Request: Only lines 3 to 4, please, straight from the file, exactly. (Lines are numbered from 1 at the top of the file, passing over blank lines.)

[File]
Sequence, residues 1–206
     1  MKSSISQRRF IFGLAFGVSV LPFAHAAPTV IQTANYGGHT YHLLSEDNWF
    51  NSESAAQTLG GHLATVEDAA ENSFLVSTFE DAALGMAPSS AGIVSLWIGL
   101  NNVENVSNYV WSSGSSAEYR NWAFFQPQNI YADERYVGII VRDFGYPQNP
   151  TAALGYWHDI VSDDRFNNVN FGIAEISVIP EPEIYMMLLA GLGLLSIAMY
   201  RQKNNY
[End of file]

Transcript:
    51  NSESAAQTLG GHLATVEDAA ENSFLVSTFE DAALGMAPSS AGIVSLWIGL
   101  NNVENVSNYV WSSGSSAEYR NWAFFQPQNI YADERYVGII VRDFGYPQNP